Friday, September 24

Ecuador votes between two country models | International


Ecuadorian presidential candidates Andrés Arauz and Guillermo Lasso at campaign events.
Ecuadorian presidential candidates Andrés Arauz and Guillermo Lasso at campaign events.Agencia Press South / GETTY IMAGES

Ecuador elects president. It will do it between two candidates located in ideological antipodes and mired in the disenchantment of a population fed up with the economic crisis and disbelieving in politics. Polls anticipate a technical tie between Andrés Arauz, the candidate promoted by former President Rafael Correa and winner of the first round on February 7, and conservative leader Guillermo Lasso, who is on his third attempt. A triumph for Arauz will mean the return of Correísmo after the four-year hiatus that Lenín Moreno meant. Lasso’s victory will put a man of liberal ideas in power who has the support of power elites. Whatever the result, the winner will have a major challenge ahead: empty coffers, rising social demands and a Congress without majorities that will force complex support networks to be woven.

Arauz, a 36-year-old leader almost unknown to most Ecuadorians, won the first round with 37% of the vote, boosted by the support he received from Rafael Correa. In second place, 13 points behind, was Lasso, who went on to the tiebreaker after beating the indigenous candidate, Yaku Pérez, by just 0.3%. However, the second round finds Arauz and Lasso in a technical tie, according to the polls. “What was a very clear victory for Arauz and a defeat for Lasso in the first round has changed during these weeks, in a political context of frustration and the rejection of voters to the the state”Says Sebastián Hurtado, president of the Profitas consultancy.

The frustration has resulted in a demand for something new. That was the vote that fueled the candidacy of Yaku Pérez and the leftist Xavier Hervas, who finished fourth in February. “We believed that those votes were going to benefit Arauz, because it represented a change. But during the second round, Lasso did a good job of tarnishing his rival’s opposition and trade credentials, ”explains Hurtado.

Both promise to reactivate the economy, regain employment, protect the poorest and guarantee health and education. But their recipes are opposite. For Arauz, the State must be the engine of the economy and the main provider of the services that Ecuadorians need. The correista candidate has promised in the campaign a $ 1,000 bonus for a million families affected by the ravages of the pandemic. To finance this program, it will use funds from the Central Bank. Lasso, on the other hand, is committed to an economy open to the world and a minimal and efficient State. He has also proposed doubling the oil activity, the country’s main source of foreign exchange.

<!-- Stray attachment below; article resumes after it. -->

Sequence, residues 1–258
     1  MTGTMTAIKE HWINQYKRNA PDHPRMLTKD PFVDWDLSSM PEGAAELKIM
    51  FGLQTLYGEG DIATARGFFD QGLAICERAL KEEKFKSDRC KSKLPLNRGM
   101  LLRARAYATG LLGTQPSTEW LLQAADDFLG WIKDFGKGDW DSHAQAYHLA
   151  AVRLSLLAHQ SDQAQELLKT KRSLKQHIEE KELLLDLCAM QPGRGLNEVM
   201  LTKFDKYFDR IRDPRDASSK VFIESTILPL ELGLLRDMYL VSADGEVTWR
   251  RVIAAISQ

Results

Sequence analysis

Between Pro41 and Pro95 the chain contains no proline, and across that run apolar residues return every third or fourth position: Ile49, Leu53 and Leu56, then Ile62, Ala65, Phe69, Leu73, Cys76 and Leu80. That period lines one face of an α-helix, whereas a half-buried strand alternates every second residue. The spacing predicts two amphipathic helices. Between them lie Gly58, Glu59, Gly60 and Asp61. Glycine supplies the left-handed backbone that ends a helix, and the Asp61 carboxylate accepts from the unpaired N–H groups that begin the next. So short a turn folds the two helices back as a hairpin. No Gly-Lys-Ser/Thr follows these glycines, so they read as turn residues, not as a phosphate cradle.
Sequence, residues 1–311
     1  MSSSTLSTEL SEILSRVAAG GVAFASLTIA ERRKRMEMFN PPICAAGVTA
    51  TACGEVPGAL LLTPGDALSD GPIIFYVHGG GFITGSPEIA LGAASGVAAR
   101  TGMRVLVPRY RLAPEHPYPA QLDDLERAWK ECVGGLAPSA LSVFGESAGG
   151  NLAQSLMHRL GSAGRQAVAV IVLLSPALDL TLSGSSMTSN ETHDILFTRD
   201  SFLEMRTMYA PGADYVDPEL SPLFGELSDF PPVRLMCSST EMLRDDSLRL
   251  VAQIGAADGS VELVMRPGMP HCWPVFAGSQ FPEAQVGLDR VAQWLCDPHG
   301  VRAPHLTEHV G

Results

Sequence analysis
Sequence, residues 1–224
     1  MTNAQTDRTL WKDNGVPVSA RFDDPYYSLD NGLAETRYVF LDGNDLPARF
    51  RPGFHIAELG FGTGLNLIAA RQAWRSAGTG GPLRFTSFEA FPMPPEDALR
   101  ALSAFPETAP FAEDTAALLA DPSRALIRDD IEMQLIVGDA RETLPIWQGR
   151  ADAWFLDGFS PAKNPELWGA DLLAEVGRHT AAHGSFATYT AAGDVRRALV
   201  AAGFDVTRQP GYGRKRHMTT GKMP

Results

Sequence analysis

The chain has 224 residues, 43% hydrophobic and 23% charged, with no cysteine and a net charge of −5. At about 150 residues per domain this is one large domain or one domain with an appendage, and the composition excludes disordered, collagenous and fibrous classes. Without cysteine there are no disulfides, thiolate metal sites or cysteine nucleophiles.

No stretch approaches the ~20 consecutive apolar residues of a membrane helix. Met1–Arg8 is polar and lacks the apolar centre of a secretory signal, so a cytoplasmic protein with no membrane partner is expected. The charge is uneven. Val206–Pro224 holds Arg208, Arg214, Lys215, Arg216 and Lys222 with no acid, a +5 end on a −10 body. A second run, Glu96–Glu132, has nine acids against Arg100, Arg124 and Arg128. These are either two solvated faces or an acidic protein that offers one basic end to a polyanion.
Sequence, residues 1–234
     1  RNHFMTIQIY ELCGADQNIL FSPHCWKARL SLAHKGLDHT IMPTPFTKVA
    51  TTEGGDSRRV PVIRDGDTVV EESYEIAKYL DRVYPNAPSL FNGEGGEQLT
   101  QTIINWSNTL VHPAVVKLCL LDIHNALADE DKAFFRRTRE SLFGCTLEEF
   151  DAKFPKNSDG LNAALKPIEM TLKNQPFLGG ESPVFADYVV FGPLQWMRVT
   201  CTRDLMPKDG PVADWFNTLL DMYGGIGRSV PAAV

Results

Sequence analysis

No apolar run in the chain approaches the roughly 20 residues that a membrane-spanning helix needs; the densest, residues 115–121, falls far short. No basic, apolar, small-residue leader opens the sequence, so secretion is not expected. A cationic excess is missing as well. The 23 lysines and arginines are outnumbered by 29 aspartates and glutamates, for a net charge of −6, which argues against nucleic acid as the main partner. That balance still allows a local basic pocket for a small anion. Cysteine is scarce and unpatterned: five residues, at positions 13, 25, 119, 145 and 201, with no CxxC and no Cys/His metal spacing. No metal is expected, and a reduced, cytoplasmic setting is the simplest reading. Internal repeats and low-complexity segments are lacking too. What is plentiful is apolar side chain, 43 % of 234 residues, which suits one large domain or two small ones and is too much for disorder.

The differences between the two are structural, also in foreign policy. While Arauz wants to recover the spirit of regional institutions that were key at the beginning of the century, such as Unasur (Ecuador withdrew from that bloc in March 2019) and Celac, Lasso will seek bilateral trade agreements with the United States, China or Korea. South and will promote integration with the Pacific Alliance.

A polarizing discourse

Lasso reissued in his campaign the confrontation of 2017 against Correa, with a speech that spoke of authoritarianism and corruption as the matrix of correísmo. For this reason, in the second round, Arauz adjusted his campaign strategy. Paulina Rodríguez, director of the consulting firm Perfiles de Opinion, highlights that “Arauz sought to generate its own and more autonomous voice [de Rafael Correa, su mentor] and he even talked about the mistakes that had been made in the past. Correa then disappeared from the posters and there was a gesture of distancing. How true that is is another issue, but it was a campaign resource, ”says Rodríguez. The tie in the polls shows the limits of this strategy, although Hurtado sees Arauz as an advantage. “It has a clearer profile of outsider of current policies, with more possibilities of capitalizing on a hidden vote and of capturing undecided and null votes ”, he explains.

The invalid vote reached 19% in the first round and can grow even more in the second. Yako Pérez and his party, Pachakutik, have asked their supporters to annul the vote to show their electoral power. But only the result of the ballot box will reveal how far the bases of the indigenous movement are aligned with their leaders. The indigenous vote, which represents between 7 and 10% of the national census, will be key this Sunday, but it is not a homogeneous mass. The divisions are such that it is difficult to predict where it will go.

The polling stations will open this Sunday at 07.00 hours and will remain open for ten hours. Unlike the first round, the National Electoral Council it will not give partial or quick count results, a tool that takes a representative sample and anticipates trends. According to the CNE, the tables will take between 45 minutes and an hour to count all the ballots and transfer the information to the central office.

The intention of the CNE is to have a clear trend towards 10 pm on Sunday, but if the parity anticipated by the polls is confirmed there will be delays. “The only desirable thing is that whoever wins has a clear majority, of more than five points, because if we do not catch fire, they will say fraud over there and fraud over here,” says former presidential candidate and former deputy Jacinto Velázquez. Both candidates aired their fear of possible fraud, although without presenting any evidence. An adjusted result would be bad news for Ecuador.

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